Latest posts by John P. Harvey (see all)
- Don’t Stop Me Now [Ma Cosa Ci Dice Il Cervello] — Lavazza Italian Film Festival 2019 — Palace Cinemas, September–October - October 13, 2019
- 10 Days Without Mamma [10 Giorni Senza Mamma] — Lavazza Italian Film Festival 2019 — Palace Cinemas, September–October - October 13, 2019
- Amazing Leonardo [Io, Leonardo] — Lavazza Italian Film Festival — Palace Cinemas, September–October 2019 - October 7, 2019
Review by John P Harvey
It’s little wonder that The Guernsey Literary and Potato Peel Pie Society was playing to full theatres over the weekend though its season is nearing an end; this is a very fine film.
Young published author Juliet Ashton (Lily James) receives a letter from Dawsey (Michiel Huisman), a resident of the island of Guernsey, in the English Channel. Dawsey, with Juliet’s address in a book she once owned, asks her to locate another book for him, and in exchange tells her of the wartime origins of the intriguingly named book club, thereby piquing her interest and promising a story lead. Inviting herself to Guernsey and to a meeting of the society, Juliet finds herself immersed in several mysteries surrounding it, not least the fate of the society’s founder, Elizabeth McKenna (Jessica Brown Findlay).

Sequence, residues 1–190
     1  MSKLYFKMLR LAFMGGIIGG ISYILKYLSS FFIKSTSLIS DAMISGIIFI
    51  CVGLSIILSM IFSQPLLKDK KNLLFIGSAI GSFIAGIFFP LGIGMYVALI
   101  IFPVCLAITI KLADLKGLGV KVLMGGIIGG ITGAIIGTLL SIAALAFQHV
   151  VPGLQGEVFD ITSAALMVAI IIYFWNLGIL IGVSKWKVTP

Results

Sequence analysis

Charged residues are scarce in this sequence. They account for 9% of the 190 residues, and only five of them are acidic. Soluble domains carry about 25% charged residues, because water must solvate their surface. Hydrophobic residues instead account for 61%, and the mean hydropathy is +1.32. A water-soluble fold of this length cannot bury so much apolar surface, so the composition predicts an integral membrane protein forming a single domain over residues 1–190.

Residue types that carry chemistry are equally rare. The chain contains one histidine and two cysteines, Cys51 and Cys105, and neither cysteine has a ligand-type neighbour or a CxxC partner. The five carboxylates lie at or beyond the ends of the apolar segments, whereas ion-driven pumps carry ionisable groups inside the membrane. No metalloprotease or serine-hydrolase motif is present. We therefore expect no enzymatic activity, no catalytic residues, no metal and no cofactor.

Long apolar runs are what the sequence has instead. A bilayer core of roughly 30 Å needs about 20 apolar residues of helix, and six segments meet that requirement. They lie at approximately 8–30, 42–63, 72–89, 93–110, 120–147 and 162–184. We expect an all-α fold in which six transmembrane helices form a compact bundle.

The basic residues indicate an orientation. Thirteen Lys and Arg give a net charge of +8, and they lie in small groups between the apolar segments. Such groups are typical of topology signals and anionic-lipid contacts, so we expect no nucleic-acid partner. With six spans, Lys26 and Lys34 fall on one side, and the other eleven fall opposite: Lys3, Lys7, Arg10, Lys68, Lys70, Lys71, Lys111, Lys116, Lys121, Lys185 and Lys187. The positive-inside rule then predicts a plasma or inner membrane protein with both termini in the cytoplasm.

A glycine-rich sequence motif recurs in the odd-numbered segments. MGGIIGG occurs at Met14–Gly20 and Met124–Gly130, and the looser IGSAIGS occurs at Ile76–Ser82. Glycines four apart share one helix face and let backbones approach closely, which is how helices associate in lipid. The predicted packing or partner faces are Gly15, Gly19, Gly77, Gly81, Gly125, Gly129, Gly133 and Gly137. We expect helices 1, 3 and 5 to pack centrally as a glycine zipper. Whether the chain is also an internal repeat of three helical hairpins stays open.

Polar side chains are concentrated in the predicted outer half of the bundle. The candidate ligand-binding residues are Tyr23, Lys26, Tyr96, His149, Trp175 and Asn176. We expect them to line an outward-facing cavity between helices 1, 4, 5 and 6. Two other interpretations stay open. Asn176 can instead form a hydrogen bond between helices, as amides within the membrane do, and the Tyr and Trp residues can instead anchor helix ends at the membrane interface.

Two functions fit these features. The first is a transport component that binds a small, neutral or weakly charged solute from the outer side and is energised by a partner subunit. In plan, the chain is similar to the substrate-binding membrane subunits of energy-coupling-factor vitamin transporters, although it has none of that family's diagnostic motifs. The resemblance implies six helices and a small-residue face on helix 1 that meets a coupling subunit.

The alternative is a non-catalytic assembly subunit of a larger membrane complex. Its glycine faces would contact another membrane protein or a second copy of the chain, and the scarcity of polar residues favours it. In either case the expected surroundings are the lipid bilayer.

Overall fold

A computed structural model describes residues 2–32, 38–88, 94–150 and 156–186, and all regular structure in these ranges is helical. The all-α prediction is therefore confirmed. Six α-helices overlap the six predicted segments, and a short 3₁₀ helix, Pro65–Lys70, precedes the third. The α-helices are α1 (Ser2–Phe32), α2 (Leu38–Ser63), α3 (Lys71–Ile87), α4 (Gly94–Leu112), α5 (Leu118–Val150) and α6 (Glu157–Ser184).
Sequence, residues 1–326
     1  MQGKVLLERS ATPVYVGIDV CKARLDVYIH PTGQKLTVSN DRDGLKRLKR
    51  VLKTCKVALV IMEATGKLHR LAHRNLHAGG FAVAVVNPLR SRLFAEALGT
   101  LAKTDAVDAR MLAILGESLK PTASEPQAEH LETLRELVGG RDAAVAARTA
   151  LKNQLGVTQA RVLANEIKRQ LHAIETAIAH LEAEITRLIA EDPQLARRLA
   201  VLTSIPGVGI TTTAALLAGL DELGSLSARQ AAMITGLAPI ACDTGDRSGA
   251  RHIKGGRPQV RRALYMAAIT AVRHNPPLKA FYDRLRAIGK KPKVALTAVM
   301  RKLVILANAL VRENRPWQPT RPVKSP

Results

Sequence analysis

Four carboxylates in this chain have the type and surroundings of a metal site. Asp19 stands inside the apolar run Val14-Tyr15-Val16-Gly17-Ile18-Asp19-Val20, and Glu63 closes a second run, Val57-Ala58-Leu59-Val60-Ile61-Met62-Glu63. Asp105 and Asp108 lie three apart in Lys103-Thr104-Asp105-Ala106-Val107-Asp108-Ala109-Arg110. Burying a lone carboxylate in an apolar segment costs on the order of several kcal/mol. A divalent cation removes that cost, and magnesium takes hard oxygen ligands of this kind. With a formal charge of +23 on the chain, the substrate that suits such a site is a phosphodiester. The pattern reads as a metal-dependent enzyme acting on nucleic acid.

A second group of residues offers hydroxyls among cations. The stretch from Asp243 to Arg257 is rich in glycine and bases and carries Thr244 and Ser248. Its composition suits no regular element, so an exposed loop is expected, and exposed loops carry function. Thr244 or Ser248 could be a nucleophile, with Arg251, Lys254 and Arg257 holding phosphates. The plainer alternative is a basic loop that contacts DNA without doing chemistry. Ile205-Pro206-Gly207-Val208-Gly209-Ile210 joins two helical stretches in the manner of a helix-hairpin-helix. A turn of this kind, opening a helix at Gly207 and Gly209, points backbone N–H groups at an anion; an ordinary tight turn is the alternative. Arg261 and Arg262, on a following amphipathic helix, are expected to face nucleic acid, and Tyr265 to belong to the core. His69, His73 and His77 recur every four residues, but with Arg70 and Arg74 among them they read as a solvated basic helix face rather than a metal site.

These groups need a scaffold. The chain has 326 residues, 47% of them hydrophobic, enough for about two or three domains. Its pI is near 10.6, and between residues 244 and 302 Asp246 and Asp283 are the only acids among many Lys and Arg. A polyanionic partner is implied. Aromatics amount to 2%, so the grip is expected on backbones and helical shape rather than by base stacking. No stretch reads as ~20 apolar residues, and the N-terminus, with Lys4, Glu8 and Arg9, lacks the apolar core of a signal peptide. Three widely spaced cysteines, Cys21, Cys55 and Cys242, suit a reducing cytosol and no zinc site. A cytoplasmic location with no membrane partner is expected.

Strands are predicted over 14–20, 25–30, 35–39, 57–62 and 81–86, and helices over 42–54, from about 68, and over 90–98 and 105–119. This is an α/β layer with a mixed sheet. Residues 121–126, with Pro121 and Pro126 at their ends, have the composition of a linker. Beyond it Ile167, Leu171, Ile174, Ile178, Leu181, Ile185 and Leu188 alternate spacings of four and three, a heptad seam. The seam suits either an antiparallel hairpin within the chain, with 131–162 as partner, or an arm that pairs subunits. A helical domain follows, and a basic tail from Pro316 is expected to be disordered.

With this film, Director Mike Newell (Four Weddings and a Funeral, Harry Potter and the Goblet of Fire) has excelled himself. Without complex plot or overt special effects, Newell has created a heartwarming gem.
The story, believable yet magical, is set largely on Guernsey Island (though actually filmed in the beautiful English counties of Devon and Cornwall). With well-played leads, realistic costumes, and spectacular scenery, the film’s visual appeal alone makes it worth watching.
The story, though, tugs subtly but insistently on the heartstrings, and in effect pays moving tribute to the many wonderful souls who maintained their spirits and their humanity despite military occupation and its privations. The icing on the cake is the story’s execution by the finest acting, and James’s ability to convey Juliet’s thoughts and feelings through facial expression alone is amazing.